If the economy somehow gains strength, it may only serve to further accelerate these trends. The incipient recovery in housing prices seems likely, at least in places like California and the Northeast, to create yet another bubble. This will give people more incentive to move to less expensive areas, particularly those who can cash in by selling a house in a pricier city and moving to a less expensive one. The differential in housing costs between New York and Tampa-St. Petersburg now stands at historic highs, and near peak bubble highs between Los Angeles and Phoenix; the traditional growth states are looking more attractive all the time for people looking to make quick money in an economy with shrinking opportunities elsewhere. This includes the massive wave of aging boomers, many of whom may see selling a house in California or the Northeast as a way to make up for less than adequate IRAs. The combination of low prices and warmer weather in the past has proven an irresistible one for those retiring or simply down-shifting their careers. This appeal is likely to grow as the senior population expands.
Other demographic factors could further drive this trend. As the millennial generation ages and starts looking for places to buy homes and raise families, many will seek out places that are both affordable and offer better economic opportunities. These will tend to be in the South and Southwest, particularly Texas, and Plains States metro areas such as Oklahoma City.
Finally we can expect immigrants, particularly from Asia, to continue to seek out housing bargains and new opportunities primarily in the Sun Belt states, as our recent study of changing Asian settlement patterns revealed. More will be shifting from the high-priced, low-growth big metros for opportunity cities such as Houston, Dallas-Fort Worth, Raleigh and Charlotte.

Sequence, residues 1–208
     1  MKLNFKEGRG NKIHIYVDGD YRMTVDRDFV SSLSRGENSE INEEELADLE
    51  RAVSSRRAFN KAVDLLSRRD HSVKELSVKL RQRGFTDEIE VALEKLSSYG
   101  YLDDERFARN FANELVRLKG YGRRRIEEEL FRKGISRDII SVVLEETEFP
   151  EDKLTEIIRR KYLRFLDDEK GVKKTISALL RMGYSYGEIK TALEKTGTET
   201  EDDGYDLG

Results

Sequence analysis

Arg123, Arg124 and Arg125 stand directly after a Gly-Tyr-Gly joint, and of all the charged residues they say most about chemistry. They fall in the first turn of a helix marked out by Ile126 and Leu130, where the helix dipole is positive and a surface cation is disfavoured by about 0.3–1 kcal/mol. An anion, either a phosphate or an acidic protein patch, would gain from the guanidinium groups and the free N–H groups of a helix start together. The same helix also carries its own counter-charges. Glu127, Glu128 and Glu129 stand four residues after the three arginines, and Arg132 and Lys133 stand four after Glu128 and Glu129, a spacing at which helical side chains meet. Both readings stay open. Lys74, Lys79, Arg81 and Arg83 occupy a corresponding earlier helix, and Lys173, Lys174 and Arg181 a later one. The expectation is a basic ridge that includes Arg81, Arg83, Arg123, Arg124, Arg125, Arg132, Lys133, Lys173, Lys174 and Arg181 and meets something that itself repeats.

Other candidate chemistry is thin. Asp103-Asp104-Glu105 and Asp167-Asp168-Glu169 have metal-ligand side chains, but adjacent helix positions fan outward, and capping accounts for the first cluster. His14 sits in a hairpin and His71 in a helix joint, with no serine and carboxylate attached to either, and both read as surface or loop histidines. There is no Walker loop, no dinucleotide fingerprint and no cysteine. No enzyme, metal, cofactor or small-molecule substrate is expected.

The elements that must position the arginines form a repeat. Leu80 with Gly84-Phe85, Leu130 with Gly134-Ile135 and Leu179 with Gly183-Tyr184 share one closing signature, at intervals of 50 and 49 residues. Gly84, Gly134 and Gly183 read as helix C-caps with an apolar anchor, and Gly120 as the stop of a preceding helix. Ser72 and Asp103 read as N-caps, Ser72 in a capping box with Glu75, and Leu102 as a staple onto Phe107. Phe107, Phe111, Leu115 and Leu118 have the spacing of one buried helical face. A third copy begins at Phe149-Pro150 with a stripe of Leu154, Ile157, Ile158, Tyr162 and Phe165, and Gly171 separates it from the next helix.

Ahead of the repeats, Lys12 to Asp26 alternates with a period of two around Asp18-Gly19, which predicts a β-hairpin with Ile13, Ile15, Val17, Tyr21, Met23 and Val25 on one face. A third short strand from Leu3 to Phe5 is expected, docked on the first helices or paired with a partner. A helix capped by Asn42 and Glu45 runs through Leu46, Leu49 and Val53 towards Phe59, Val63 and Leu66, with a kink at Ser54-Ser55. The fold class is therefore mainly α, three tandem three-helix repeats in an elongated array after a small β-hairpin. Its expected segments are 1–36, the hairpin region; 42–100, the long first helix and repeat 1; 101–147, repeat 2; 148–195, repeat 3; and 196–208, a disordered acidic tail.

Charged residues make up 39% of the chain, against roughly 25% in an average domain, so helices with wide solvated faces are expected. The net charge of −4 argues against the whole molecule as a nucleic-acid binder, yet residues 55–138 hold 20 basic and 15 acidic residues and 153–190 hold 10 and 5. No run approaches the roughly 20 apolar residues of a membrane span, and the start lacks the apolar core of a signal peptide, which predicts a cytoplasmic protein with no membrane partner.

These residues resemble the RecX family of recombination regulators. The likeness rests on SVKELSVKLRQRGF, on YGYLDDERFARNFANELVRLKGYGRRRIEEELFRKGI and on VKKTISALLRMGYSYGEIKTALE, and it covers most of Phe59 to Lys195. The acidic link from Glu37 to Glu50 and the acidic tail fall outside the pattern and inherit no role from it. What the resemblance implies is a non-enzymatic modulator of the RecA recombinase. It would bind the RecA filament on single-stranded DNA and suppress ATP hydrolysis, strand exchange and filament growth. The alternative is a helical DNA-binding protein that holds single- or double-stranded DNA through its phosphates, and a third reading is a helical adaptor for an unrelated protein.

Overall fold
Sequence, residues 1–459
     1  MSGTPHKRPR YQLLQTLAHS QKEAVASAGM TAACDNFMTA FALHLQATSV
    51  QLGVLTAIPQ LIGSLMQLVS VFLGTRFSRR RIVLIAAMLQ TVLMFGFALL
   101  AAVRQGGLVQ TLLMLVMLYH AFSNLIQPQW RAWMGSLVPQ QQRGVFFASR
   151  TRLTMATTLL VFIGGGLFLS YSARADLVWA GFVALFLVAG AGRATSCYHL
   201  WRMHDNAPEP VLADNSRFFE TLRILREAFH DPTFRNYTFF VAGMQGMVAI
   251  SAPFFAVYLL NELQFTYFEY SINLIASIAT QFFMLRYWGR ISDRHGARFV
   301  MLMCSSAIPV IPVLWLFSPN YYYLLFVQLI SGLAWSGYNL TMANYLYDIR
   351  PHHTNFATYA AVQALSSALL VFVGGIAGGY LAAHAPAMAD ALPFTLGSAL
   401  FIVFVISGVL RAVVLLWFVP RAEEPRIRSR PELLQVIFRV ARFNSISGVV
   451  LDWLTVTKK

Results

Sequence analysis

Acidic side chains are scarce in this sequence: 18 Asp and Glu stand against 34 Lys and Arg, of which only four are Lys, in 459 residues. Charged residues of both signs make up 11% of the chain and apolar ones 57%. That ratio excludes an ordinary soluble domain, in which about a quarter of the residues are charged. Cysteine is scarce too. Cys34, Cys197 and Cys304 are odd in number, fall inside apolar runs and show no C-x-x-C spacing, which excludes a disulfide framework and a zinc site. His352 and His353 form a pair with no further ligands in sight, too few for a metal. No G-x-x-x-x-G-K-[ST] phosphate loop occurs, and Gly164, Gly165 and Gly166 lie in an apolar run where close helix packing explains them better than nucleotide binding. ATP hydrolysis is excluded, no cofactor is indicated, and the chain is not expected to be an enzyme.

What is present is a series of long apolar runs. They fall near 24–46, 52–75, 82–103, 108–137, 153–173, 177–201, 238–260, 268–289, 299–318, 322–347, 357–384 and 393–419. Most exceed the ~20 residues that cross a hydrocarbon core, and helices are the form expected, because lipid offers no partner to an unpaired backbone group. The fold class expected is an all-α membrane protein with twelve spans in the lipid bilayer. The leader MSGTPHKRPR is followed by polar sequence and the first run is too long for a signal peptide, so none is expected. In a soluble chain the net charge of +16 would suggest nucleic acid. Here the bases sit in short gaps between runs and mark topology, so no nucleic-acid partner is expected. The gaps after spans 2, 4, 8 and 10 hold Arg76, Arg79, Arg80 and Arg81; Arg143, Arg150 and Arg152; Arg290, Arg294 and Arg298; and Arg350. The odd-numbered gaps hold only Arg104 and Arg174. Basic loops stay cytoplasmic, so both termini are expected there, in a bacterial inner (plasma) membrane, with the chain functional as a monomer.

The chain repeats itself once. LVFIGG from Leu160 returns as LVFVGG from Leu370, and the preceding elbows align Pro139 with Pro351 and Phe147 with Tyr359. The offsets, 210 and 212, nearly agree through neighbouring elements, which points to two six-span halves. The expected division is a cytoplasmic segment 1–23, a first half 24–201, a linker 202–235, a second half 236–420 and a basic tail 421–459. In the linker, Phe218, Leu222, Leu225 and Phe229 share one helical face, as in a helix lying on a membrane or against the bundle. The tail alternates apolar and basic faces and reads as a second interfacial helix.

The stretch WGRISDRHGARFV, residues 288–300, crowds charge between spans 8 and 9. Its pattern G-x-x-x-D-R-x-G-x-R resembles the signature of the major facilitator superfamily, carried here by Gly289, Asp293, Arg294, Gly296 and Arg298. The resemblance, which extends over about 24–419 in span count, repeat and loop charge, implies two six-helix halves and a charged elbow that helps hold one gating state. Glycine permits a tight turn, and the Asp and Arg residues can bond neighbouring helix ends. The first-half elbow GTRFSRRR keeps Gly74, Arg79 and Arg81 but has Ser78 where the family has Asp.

Overall we can expect domestic migration to pick up, and to follow the well-trodden path from the great cities of the Northeast and California to the Sun Belt’s resurgent boom towns. This may be bad news to many urban pundits and big city speculators, but it also should create new opportunities for more perceptive, and less jaded, investors.
Here are the top five cities where Americans are moving:
No. 1: Dallas-Fort Worth Metropolitan Statistical Area
Net Domestic Migration, 7/10 to 7/11: +39,021
July 2011 Population: 6,400,511
No. 2: Miami-Fort Lauderdale-Pompano Beach MSA
Net Domestic Migration, 7/10 to 7/11: +36,191
July 2011 Population: 5,578,080
No. 3: Austin, Texas
Net Domestic Migration, 7/10 to 7/11: +30,669
July 2011 Population: 1,728,247
No. 4: Tampa-St. Petersburg, Fla.
Net Domestic Migration, 7/10 to 7/11: +27,157
July 2011 Population: 2,788,151
No. 5: Houston
Net Domestic Migration, 7/10 to 7/11: +21,580
July 2011 Population: 5,976,470
Full List: The 10 Cities Where Americans Are Moving Now